The NBA is currently negotiating new TV contracts with ESPN and Turner Broadcasting. With current deals set to expire in 2016, the two sides appear eager to extend their deals to lock in a safe future of broadcasting in NBA games. Per Dan Feldman of NBC Sports, that could have a massive impact on the league's revenue, and therefore, the salary cap:
NBA’s new TV contracts could increase salary cap by about $16 million http://t.co/2IsHHW2ytq— Kurt Helin (@basketballtalk) September 8, 2014
The report states that the new deals with ESPN and Turner could be in excess of $1 billion per year each, more than doubling the income the NBA receives from their current deals with the broadcasting companies. This means that per the design of how the NBA uses Basketball-related income, the salary cap could jump by roughly $16 million in 2016, when the new deals kick in. Obviously this is mostly guesswork until the deals kick in, but a doubling in revenue from TV deals would certainly cause a substantial bump in the salary cap.
The current salary cap for the 2014-2015 NBA season is set at $63.1 million, with the luxury tax line set at $76.8 million. The cap is projected to jump to about $66.3 million in 2015-2016, and with this news, explode to near $80 million in 2016-2017. This news is very good for every NBA team, because per the current version of the collective-bargaining agreement, it would give every team the ability to add a max-level contract to its cap sheet. However, this news is especially good for teams that are going to be running up against the salary cap and luxury tax for the forseeable future: Teams like the Nets, Thunder, and of course, the Cavs.
The Cavs' cap figure is currently $68.4 million, slightly over the cap, but well below the tax line. After that, it gets a little murky due to the Kyrie Irving and Kevin Love extensions, a possible extension for LeBron James, and several expiring contracts and potential re-signings among the supporting cast. However, it's almost certain that the Cavs' cap figure will go up; Kyrie might get a Rose Rule extension, Love's extension will certainly be a max, and new deals for Tristan Thompson and Anderson Varejao could be for significant money. Under the current cap, that means the Cavs would almost certainly be dealing with the luxury tax for the forseeable future.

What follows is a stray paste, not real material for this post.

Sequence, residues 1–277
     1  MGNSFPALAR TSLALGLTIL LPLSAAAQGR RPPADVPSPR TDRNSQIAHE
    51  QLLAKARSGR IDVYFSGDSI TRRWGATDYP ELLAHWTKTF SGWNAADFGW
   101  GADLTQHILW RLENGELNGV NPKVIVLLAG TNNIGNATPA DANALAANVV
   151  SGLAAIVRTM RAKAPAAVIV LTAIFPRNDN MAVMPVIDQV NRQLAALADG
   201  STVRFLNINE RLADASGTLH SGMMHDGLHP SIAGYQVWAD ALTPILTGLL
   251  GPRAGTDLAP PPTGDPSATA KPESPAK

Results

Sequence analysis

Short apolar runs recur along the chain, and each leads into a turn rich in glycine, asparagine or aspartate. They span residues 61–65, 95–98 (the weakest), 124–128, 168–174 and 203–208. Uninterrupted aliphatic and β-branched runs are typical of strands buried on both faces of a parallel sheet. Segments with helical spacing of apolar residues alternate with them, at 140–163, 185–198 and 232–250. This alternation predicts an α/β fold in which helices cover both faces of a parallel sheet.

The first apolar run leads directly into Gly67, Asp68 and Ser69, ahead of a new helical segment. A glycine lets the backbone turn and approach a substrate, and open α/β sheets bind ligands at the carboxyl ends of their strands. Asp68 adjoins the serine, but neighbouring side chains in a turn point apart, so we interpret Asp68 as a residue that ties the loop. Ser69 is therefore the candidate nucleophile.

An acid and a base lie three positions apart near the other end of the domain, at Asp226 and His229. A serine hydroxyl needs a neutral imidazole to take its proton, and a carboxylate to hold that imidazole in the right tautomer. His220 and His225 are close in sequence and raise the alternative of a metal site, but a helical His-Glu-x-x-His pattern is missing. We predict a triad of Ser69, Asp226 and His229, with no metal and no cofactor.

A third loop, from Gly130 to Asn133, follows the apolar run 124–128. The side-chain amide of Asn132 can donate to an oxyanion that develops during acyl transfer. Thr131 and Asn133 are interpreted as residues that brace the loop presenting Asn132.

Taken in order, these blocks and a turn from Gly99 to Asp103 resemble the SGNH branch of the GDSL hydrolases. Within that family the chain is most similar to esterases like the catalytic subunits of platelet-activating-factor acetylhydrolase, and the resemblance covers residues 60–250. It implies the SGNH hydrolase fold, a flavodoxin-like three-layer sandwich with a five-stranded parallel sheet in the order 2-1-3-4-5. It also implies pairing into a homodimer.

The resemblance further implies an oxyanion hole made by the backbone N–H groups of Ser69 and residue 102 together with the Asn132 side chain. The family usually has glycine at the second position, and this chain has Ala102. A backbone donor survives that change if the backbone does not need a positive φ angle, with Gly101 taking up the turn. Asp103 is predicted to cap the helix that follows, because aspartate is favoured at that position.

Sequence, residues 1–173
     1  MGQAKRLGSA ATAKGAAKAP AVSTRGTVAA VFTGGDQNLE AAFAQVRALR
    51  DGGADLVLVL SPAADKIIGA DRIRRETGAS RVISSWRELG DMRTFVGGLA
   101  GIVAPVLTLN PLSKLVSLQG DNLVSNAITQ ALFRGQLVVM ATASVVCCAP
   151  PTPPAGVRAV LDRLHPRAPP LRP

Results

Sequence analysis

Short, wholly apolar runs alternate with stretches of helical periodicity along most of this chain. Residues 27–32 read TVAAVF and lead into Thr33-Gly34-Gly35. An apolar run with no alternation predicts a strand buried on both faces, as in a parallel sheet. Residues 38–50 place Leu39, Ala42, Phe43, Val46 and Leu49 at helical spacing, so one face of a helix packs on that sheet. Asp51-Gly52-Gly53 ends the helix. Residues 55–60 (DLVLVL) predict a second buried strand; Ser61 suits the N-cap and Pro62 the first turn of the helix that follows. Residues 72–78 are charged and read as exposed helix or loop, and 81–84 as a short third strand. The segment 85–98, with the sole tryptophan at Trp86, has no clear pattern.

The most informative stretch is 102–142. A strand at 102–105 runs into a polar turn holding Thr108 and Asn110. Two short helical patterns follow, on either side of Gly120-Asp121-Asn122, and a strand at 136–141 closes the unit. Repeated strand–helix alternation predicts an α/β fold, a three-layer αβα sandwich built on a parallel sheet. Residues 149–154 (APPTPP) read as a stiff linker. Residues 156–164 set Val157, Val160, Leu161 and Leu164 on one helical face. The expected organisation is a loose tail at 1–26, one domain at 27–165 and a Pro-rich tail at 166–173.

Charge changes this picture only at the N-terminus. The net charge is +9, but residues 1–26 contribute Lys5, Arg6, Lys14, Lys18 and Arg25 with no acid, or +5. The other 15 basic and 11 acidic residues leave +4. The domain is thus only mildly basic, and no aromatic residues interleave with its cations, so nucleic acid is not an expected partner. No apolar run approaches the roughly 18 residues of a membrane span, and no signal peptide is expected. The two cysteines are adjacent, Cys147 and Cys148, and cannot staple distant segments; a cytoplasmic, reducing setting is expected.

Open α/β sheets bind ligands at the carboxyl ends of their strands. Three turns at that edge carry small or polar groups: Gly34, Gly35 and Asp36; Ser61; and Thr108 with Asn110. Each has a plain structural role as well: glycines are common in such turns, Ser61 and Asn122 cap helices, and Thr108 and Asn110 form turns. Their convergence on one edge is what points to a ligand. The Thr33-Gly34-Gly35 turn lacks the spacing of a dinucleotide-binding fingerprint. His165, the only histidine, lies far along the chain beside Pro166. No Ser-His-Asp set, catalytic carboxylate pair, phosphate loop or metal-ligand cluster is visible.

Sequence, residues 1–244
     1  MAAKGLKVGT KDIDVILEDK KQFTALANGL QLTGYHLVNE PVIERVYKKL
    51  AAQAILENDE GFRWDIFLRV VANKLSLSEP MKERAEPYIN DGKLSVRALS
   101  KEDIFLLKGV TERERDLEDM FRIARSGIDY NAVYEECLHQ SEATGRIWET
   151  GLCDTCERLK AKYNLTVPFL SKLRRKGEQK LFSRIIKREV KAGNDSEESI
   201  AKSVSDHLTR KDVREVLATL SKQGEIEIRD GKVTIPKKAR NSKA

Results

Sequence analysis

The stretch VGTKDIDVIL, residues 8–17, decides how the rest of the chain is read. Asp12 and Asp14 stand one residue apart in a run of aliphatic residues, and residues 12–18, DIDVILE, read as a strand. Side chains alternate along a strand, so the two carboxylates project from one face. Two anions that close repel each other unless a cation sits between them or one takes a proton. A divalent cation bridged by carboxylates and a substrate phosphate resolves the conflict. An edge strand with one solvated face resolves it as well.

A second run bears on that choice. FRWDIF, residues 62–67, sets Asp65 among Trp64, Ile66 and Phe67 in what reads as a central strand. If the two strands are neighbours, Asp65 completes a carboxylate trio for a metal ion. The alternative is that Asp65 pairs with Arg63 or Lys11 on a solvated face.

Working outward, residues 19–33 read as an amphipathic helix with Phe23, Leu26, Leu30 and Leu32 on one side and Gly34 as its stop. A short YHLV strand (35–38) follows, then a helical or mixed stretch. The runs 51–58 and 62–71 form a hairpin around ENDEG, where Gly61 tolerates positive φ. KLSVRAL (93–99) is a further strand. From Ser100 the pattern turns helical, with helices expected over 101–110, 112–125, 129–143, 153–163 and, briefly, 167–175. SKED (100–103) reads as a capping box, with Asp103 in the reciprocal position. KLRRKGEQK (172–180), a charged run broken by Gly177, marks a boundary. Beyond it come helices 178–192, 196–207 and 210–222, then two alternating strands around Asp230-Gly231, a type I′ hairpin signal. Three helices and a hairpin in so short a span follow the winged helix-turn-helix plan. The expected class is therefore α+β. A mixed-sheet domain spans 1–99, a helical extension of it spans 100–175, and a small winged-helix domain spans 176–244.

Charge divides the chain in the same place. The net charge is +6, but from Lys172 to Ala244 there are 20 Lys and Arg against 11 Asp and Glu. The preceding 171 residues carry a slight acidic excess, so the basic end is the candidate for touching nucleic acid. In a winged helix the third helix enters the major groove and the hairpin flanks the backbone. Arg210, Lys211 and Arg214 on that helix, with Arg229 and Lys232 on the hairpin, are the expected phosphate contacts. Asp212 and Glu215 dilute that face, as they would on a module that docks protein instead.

However, projecting into 2016-2017, the Cavs would get some relief from the potential cap bump. The Cavs would have three max contracts on their cap sheet, worth probably around $60 million total. New deals for Varejao, Thompson, and potentially Dion Waiters would probably take up another $10-$12 million, assuming Varejao takes a pay cut and no one massively overpays for Waiters. Six to nine more contracts (probably a combination of low-1st round rookie deals and veteran's minimum contracts) would then be necessary. In 2015-2016, that would probably put the Cavs over the tax line by at least about $5 million. However, if the cap figure is then bumped to near $80 million in 2016-2017, the Cavs then would have about $8-10 million to work with for those final spots before they even went over the salary cap.
Of course, this is all assuming the massive jump occurs in one year; it's been reported that the NBA wants to avoid this, if possible. If it's smoothed out over multiple years, or countered through some sort of increase in max deals that could be offered, the Cavs could still have some struggles with fielding a team with three max contracts. However, based on the current data, it looks like a massive increase is coming, and the Cavs stand to take advantage.